Thiamine metabolism genes are regulated in numerous bacteria by a riboswitch class that binds the coenzyme thiamine pyrophosphate (TPP). We demonstrate that the antimicrobial action of the thiamine analog pyrithiamine (PT) is mediated by interaction with TPP riboswitches in bacteria and fungi. For example, pyrithiamine pyrophosphate (PTPP) binds the TPP riboswitch controlling the tenA operon in Bacillus subtilis. Expression of a TPP riboswitch-regulated reporter gene is reduced in transgenic B. subtilis or Escherichia coli when grown in the presence of thiamine or PT, while mutant riboswitches in these organisms are unresponsive to these ligands. Bacteria selected for PT resistance bear specific mutations that disrupt ligand binding to TPP riboswitches and derepress certain TPP metabolic genes. Our findings demonstrate that riboswitches can serve as antimicrobial drug targets and expand our understanding of thiamine metabolism in bacteria.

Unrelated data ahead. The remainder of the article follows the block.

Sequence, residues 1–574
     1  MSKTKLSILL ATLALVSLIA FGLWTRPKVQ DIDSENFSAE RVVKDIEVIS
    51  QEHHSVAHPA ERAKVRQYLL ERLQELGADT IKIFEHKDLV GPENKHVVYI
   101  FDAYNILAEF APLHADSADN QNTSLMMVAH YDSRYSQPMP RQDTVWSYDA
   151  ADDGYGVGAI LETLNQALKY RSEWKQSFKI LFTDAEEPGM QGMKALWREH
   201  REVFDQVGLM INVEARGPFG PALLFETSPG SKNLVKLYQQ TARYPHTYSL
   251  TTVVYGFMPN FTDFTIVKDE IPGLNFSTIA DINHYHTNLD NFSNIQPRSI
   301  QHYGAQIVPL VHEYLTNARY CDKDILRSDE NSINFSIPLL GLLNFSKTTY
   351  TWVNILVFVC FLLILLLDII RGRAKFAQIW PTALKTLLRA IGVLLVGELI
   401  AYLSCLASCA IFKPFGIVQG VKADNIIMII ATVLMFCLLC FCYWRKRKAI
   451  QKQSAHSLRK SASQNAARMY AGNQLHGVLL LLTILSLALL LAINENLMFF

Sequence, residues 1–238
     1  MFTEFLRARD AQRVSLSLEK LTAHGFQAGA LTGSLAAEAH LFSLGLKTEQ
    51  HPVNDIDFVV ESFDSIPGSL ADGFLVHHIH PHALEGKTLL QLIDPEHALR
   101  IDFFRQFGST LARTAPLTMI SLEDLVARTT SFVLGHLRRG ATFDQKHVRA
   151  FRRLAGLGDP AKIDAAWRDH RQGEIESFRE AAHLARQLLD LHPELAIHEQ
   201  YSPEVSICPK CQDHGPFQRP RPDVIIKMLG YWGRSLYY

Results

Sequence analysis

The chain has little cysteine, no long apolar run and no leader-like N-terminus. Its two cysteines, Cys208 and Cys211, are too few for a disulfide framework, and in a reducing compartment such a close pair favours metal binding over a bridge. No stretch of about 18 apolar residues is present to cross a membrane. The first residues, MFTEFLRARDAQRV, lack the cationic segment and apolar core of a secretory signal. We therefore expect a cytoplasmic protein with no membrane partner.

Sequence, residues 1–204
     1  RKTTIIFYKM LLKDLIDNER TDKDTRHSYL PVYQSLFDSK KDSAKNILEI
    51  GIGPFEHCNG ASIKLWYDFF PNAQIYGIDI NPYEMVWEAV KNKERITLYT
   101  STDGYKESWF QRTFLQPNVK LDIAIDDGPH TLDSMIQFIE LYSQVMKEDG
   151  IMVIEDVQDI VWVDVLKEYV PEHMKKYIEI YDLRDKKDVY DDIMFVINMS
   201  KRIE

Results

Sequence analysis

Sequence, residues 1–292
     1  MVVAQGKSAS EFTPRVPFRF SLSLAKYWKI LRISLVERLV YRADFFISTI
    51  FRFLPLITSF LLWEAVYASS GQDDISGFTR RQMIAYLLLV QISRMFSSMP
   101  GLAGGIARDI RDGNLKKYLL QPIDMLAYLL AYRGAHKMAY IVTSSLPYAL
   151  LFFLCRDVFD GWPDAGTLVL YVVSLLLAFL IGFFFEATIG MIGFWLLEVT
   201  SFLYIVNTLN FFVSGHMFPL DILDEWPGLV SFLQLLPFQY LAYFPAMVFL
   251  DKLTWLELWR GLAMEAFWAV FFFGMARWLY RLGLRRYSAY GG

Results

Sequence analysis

Bibliographical noteFunding Information:
R.R.B. is cofounder of a biotechnology company, BioRelix, that is pursuing licensing of intellectual property related to riboswitches. We thank Dr. Jinsoo Lim for purification of PTPP. This work was supported by grants from the Defense Advanced Research Projects Agency, National Institutes of Health, and the David and Lucile Packard Foundation. We thank members of the Breaker laboratory for helpful discussions.